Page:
The Black Hole that is Canada's Medicare

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Appeared in the Times Colonist, February 14, 2005

On Monday, Finance Minister Goodale tabled legislation to implement the government’s 10-year plan for improving health care. Though the legislation itself is simply part of the process of implementing the plan that was agreed to last September, its tabling should spur Canadians to again consider the merits of the 10-year Plan to Strengthen Health Care. Will the plan, as Health Minister Dosanjh claims, help to “renew our health care system?” Or is the plan simply a vehicle for the Canadian Medicare program to suck even more funding from taxpayer’s pockets with virtually no improvement in the quantity or quality of services delivered?

As with all new proposals, it is important to first consider whether or not an increase in funding is necessary. With the government planning to pour an extra $41 billion into the system over the next ten years, one might assume that the system is currently underfunded.

Quite to the contrary, no nation with the goal of guaranteeing access to care regardless of ability to pay spends more than Canada once we account for the relatively youthful population in this country. And yet Canada’s governments have concluded that the solution to our long waiting times, shortages of physicians, and lack of access to high tech diagnostic machinery is a massive cash infusion associated with the vague goals of ‘reducing’ waiting times (not eliminating) and ‘improving access’, and the creation of a new Health Council.

A quick look back over the last 11 years provides additional perspective. Between 1993 and 2004, inflation adjusted health care spending per person increased by 27 percent, while waiting lists nationally grew by an incredible 92 percent. Statistical analyses of this bizarre relationship have confirmed that past increases in provincial spending, unless specifically targeted to physicians or pharmaceuticals, were indeed correlated with increases in waiting times, which is not all that surprising considering that provinces that spent more on health care were also found to be providing fewer major surgeries for patients.

If we ended up with longer wait times and a reduction of services when we spent more in the past, why should Canadians expect any different this time around?

Dr. Max Gammon, after studying health expenditures and health services in the British National Health Service, formulated what he called “the theory of bureaucratic displacement,” now known as Gammon’s Law. The law states that an increase in expenditures in a bureaucratic system will be matched by a fall in production. As Dr. Gammon put it, “Such systems will act rather like ‘black holes’, in the economic universe, simultaneously sucking in resources, and shrinking in terms of ‘emitted production’.”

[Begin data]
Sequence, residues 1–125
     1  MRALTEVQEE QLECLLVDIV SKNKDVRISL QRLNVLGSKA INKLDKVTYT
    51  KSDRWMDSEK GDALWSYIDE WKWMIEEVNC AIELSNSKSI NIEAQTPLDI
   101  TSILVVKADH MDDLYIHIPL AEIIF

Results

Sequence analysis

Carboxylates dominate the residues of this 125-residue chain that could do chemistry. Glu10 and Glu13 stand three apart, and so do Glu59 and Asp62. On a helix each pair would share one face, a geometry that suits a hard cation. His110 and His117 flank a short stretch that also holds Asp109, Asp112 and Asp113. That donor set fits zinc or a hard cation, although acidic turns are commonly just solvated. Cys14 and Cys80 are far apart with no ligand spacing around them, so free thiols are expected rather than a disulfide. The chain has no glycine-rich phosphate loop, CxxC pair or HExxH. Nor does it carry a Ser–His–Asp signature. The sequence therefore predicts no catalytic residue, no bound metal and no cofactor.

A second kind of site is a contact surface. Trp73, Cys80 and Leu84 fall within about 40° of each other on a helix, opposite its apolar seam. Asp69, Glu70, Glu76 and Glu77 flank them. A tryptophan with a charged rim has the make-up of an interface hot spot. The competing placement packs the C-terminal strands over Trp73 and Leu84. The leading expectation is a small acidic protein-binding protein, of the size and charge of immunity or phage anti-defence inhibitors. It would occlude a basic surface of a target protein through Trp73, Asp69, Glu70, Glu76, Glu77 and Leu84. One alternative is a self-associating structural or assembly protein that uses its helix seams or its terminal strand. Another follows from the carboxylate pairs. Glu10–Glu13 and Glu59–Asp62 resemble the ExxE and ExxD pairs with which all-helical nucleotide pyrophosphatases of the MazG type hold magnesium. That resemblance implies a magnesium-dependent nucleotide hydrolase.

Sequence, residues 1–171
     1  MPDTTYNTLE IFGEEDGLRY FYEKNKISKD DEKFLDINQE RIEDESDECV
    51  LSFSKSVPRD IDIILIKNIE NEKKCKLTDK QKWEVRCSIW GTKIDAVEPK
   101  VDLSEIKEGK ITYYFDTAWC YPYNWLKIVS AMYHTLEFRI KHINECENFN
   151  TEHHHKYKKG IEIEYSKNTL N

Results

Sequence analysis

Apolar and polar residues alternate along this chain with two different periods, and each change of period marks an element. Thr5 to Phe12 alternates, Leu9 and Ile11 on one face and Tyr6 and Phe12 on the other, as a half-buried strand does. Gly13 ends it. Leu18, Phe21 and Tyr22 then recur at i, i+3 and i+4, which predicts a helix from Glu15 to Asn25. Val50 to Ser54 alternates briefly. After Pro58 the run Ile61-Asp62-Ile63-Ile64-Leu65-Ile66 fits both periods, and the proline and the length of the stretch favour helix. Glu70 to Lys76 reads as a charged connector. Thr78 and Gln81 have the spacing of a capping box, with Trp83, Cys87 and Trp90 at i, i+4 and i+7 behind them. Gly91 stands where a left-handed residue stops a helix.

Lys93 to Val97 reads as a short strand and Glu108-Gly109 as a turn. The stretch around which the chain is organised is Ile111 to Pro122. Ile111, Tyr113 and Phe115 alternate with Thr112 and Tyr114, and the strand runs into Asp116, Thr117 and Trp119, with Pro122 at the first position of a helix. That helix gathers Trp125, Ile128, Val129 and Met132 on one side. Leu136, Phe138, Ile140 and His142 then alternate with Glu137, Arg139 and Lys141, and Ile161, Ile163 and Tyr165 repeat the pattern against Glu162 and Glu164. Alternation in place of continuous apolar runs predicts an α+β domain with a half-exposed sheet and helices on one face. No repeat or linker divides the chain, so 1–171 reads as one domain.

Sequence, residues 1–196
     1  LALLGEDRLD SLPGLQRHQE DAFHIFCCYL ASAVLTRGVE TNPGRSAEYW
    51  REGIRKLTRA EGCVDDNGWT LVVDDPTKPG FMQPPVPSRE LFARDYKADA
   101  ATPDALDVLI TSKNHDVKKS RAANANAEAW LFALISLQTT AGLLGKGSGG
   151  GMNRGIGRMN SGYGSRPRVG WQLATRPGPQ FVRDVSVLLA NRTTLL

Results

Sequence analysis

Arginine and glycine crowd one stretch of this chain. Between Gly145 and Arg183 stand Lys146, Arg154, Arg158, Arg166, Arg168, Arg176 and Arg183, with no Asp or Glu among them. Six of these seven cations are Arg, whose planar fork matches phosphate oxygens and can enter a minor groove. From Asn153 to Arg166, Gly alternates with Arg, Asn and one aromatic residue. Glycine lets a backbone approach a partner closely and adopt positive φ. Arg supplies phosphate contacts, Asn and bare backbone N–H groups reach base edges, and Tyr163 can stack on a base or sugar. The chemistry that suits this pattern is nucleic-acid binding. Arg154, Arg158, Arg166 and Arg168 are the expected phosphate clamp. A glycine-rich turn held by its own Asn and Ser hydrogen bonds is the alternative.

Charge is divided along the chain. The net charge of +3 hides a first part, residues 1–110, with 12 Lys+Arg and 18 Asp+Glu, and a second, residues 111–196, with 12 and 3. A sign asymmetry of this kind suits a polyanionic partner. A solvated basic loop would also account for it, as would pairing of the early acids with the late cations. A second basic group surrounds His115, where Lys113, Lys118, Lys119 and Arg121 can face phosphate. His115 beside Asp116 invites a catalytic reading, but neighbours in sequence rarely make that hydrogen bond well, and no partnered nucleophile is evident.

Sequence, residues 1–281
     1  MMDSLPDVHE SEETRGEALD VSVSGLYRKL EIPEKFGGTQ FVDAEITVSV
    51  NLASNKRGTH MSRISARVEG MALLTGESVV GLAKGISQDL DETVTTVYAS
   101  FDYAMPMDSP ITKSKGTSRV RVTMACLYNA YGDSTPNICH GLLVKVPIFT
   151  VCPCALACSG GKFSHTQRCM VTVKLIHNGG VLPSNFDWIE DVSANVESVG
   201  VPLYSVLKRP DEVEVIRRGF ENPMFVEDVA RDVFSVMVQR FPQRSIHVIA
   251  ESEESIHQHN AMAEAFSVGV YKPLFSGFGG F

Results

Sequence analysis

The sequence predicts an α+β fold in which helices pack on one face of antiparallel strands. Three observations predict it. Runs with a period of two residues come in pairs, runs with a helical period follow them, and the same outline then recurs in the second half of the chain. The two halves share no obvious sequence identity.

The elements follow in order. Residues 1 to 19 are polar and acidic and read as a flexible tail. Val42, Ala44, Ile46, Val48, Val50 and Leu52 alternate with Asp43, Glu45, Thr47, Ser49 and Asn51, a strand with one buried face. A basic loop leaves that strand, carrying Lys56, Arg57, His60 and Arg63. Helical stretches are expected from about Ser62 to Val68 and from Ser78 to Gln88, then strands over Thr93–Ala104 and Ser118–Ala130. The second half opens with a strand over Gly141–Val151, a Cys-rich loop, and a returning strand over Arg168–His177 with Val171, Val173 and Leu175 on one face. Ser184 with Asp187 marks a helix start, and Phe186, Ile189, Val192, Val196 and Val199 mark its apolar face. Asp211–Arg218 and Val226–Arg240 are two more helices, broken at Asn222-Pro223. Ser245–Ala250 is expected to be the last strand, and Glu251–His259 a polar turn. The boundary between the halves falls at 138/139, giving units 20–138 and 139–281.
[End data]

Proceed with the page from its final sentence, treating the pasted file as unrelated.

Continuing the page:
Considering that the Canadian health care program was originally modeled on the now failing British NHS, it should not come as a surprise to anyone that we are subject to the same results from increases in health expenditures. That giant sucking sound you hear, and the related lightness you’ll soon feel in your wallet, is Gammon’s Law at work.

Rather than spend more money year after year, let’s consider for a moment what other, far more successful universal-access health care programs have done in order to create and enjoy that success.

Australia, Austria, Belgium, France, Germany, Japan, Luxembourg, Sweden, and Switzerland all have private hospitals delivering publicly funded care, all have cost sharing arrangements for publicly funded care, and all allow individuals to seek care privately (as does every developed nation except Canada). As a result, all of these nations manage either better health outcomes from care, access to care without waiting lists, or, in the cases of France and Japan, do both. And since these nations guarantee access to health services regardless of ability to pay, all their citizens enjoy the unimpeded access to high quality services that these policies have created, which is precisely what would happen if these policies were enacted in Canada.

Real health reform, guided by the lessons that international experience and economic research provide, will give Canadians a world class health care program: a program characterized by a lack of waiting lists for health services, superior health outcomes, and a reasonable bill for the taxpayers. Unfortunately, the 10-year plan tabled Monday incorporates none of these lessons and will ultimately have only one meaningful impact on Medicare; making it far more expensive than it already is.

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